Those dioceses that have previously restored the traditional order of the sacraments are as follows:

Saginaw (1995)
Great Falls-Billings (1996)
Portland, Maine (1997)
Spokane (1998)
Fargo (2002)
Gaylord (2003)
Tyler (2005)
Phoenix (2005)

Why should we be doing this though? From the above linked article:
Amid the many theological and pastoral reasons for lowering the age of confirmation and restoring it to its original place before first Eucharist, none ranks higher for Archbishop Aquila than to provide children with much-needed spiritual strength to become “courageous, authentic disciples of Jesus Christ.”

“In an increasingly secular world,” he wrote in the pastoral letter, “the reality is this: the souls of our children are the battleground.”

“As the shepherd of the Archdiocese of Denver, I must do everything I can to help those who form children win that battle,” he added.

The archbishop explains that one way to do this is to “make available every sacramental grace the Church has to offer to children who have reached the age of reason [around 7 years old].”

“This is profoundly important,” he wrote, “because we live in a different spiritual terrain than our parents or grandparents did. Indeed, the spiritual landscape of modern American society underscores the need for children to receive grace earlier.”
As a father of two boys, and a catechist at my parish for our Religious Education program, I can see that many kids (I teach 6th grade, as well as junior high kids that haven't received their Sacraments yet) are in need of the graces that are received in Confirmation, and I sometimes wonder if postponing that reception of the sacramental grace to 14 years of age is too long. I agree with Archbishop Aquila; our children need these graces now. We can't hold them back anymore given the state of our culture currently. I myself have experience with this.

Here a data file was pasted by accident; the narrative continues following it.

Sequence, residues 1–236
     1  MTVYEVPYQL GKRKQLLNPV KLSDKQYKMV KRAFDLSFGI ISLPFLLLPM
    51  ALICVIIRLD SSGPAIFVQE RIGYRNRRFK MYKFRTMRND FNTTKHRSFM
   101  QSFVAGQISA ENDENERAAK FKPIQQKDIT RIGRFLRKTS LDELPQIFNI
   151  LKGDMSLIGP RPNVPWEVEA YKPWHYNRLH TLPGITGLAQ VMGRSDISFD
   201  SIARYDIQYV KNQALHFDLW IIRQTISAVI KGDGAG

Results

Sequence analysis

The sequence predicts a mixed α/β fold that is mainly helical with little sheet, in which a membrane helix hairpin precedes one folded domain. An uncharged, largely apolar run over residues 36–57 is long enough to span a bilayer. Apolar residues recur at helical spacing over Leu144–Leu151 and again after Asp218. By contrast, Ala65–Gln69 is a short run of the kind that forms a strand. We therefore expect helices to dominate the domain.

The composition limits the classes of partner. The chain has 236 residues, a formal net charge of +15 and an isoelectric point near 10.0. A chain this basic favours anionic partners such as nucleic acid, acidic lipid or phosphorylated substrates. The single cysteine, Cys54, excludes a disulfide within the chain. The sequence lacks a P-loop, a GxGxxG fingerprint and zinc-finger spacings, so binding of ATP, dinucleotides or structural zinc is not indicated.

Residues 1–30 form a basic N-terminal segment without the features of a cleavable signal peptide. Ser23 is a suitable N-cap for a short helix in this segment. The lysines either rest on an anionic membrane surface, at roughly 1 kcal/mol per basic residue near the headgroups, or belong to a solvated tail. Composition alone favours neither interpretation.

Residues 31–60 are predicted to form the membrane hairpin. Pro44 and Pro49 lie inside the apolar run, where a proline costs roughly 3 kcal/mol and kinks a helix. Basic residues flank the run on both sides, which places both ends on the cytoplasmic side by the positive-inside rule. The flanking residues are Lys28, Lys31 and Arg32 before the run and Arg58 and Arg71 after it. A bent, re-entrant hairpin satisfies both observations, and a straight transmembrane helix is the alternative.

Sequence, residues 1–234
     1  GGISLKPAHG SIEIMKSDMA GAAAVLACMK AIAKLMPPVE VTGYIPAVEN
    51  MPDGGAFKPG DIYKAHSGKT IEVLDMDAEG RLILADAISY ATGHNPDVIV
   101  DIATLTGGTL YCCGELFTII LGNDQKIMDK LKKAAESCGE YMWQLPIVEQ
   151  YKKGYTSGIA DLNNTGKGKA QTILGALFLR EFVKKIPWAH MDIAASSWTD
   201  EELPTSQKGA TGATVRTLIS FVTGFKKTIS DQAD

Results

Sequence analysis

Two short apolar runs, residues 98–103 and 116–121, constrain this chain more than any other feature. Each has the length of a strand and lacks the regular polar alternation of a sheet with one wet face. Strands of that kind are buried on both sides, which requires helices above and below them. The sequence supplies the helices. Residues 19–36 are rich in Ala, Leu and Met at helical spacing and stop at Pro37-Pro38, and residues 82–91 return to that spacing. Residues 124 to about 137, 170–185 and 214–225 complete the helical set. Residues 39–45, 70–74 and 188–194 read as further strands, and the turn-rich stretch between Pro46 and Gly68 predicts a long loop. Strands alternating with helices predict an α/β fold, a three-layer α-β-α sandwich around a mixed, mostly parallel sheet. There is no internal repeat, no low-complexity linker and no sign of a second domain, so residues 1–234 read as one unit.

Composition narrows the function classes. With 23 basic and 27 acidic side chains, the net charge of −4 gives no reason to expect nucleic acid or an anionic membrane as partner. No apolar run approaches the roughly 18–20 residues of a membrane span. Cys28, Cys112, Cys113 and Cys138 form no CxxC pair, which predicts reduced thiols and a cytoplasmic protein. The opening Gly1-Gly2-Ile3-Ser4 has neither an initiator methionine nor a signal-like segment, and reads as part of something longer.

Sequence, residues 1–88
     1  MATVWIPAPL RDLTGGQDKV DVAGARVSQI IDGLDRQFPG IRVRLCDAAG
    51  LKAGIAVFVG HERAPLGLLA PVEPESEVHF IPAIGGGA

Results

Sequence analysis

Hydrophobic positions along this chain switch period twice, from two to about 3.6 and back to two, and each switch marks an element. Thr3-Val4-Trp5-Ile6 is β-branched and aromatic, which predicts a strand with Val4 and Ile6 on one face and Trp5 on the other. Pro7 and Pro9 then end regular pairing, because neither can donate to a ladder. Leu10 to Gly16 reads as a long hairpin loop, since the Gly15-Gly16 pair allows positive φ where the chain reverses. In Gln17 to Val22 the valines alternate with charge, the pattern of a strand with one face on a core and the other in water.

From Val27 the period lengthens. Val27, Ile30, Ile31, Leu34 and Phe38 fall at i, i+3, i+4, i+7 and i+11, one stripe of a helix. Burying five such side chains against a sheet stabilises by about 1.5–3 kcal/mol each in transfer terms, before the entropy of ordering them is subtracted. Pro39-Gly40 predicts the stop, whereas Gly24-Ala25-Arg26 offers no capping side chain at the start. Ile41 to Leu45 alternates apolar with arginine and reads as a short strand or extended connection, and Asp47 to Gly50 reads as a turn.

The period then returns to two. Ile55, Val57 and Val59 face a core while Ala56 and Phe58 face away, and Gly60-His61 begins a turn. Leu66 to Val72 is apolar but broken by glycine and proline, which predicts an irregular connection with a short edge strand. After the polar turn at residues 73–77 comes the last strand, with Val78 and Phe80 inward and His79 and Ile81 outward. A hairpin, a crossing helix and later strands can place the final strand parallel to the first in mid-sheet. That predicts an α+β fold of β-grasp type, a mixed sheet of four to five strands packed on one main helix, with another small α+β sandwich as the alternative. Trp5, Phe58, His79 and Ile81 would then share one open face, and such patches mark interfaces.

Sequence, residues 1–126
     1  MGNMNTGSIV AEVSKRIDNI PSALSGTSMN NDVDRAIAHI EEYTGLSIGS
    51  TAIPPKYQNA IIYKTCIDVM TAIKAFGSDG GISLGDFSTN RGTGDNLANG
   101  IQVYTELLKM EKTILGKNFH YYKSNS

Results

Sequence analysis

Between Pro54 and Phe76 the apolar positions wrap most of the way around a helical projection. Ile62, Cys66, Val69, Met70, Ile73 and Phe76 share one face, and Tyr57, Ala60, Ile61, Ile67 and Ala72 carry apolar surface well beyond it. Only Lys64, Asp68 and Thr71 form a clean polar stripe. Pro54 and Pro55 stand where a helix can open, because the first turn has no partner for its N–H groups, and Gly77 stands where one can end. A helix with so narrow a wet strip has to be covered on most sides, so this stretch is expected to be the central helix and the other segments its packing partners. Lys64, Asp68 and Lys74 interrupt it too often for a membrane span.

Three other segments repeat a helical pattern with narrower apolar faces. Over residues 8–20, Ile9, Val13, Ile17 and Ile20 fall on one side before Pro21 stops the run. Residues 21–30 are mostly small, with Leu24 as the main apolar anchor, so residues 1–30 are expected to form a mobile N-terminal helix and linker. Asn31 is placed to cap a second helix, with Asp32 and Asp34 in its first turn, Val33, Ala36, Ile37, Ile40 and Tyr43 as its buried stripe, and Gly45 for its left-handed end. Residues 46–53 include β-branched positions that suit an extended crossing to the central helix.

About 10 years ago, an auxiliary bishop in the archdiocese I was living in offered to give the Sacrament of Confirmation to any child who desired to receive it regardless of age, so that they didn't have to wait until 8th grade. This bishop recognized that the graces received in the sacrament would be extremely beneficial to those young people that had received their First Holy Communion, but not Confirmation yet. Four of my cousins, ranging in age from 7-11, took advantage of this, and I sponsored one of my cousins. It was great to know that my cousin was receiving the Sacrament of Confirmation, and that it would help him in living out Christ's will. I hope the same can happen for my children, but we'll wait and see if this trend starts to catch on in more U.S. dioceses. In the meantime, bravo to those bishops that have stepped up to help these children have a fighting chance in the spiritual battle they face.